The parish hall was orignally a tent used by the Altar Society who served meals for the bazaars, celebrations, and the annual Frontier Days beginning in the 1920s. These meals were served from the tent until 1936 when the group was able to purchase an old building that would serve as a parish hall for 33 years. Water was drawn from a cistern with a pail and rope for all the cooking and cleaning needs and thrown out the back door once it was used. The ladies also cooked on an old wood range with a reservoir of the side for heating water. Later a kerosene stove was purchased and a hand pump installed. In 1969 the building was razed by members of the parish to make way for a new hall that was built on the original site, and still servers as the hall today.

In December of 1966, the new priest decided, with consultation, to close Sacred Heart and have everyone worship at St. Ignatius. After further discussion with the bishop, it was decided it would be unwise to close the parish.

In 2005, the “Faith Formation Initiative’ committee was established to discuss the witness of the faith in White River. Due to declining attendance at St. Ignatius Church, an alternating Mass schedule between the two parishes was developed.

The two parishes, along with Our Lady Of Good Counsel, Wood, became known as the “White River Catholic Faith Community.” The Faith Initiative Committee was reactivated to serve both parishes, to replace the dissolved parish councils. Both parishes retained a finance council.  The last scheduled Mass at  St. Ignatius Parish was in May 2011.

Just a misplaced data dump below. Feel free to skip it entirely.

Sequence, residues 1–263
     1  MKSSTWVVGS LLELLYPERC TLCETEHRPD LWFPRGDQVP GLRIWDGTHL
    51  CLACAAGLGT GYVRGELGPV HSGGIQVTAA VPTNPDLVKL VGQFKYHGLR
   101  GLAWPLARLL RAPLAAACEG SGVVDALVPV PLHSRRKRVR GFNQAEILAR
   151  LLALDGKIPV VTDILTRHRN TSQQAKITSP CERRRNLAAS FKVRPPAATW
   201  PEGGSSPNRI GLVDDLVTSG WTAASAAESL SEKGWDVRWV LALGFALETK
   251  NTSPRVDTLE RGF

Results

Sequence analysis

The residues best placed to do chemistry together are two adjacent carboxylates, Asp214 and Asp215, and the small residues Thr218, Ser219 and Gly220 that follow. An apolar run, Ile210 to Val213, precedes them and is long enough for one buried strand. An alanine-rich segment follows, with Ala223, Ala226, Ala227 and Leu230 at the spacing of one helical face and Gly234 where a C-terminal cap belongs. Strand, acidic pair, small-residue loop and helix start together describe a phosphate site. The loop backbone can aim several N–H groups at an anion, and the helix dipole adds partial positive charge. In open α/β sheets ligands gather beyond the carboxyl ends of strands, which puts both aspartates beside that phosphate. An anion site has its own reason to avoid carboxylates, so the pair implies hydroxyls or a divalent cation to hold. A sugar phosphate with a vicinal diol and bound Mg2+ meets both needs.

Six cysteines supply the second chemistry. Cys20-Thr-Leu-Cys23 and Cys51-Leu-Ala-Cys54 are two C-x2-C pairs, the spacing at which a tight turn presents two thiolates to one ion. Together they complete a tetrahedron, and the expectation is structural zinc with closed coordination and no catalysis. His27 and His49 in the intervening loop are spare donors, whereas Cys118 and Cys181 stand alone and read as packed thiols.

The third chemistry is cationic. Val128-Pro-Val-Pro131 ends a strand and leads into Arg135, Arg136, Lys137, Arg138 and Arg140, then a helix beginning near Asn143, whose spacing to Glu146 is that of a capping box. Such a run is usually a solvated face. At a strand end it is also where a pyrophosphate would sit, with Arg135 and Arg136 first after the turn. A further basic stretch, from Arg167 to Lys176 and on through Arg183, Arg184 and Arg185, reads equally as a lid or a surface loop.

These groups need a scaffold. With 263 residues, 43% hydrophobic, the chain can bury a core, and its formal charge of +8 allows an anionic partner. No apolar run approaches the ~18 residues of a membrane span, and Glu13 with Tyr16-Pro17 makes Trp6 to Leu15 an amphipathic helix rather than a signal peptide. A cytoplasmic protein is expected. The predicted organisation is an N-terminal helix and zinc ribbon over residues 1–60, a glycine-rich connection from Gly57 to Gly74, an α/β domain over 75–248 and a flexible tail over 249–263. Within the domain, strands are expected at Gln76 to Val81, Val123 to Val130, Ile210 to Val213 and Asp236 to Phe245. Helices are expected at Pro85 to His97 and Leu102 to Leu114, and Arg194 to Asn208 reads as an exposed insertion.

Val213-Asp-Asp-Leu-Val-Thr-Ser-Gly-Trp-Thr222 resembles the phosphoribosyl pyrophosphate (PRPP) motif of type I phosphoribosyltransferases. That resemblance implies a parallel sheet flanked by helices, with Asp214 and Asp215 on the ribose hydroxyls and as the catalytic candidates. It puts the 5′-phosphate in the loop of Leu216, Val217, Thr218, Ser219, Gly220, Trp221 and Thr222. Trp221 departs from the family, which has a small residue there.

“Praise God that Jesus, in his great mercy, came here a century ago … and praise God for our Lakota brothers and sisters,” Father Boddicker said,  “who cleared the path for Jesus in this land, and all the others: they planted the seeds of faith in the ground beneath our feet, in the hearts and souls of their children, grandchildren, and beyond that have lasted a hundred years. The next hundred years, brothers and sisters, are in your hands, and in your hearts; let us carefully and joyfully pass on this inheritance for generations to come!”

(History adapted from “Sacred Heart Centennial” booklet and diocesan archives.)

 

 

St. Francis Mission; celebrate the Centennial Mass at Sacred Heart Parish, White River, November 3. Father Brian Paulson, SJ, the provincial of the Upper Midwest Province of the Society of Jesus; Father Jacob Boddicker, Associate Pastor; and Father James Kubicki, SJ, president of the St. Francis Mission; celebrate the Centennial Mass at Sacred Heart Parish, White River. (Courtesy photos)

Church Music — After the parish was built, a small organ was purchased in the 1920s and a small four person choir was assembled. As time went on, a Boy’s Choir consisting of 16 boys under the age of 12 was started, in addition to a Young People’s Choir. A new organ was installed in 1957. In 1981, a folk hymnal was purchased for a folk choir that predominately featured guitar accompaniment. (Above) The Boy’s Choir from 1938.

Diocesan Youth Rally — You were put on earth so people can know God through you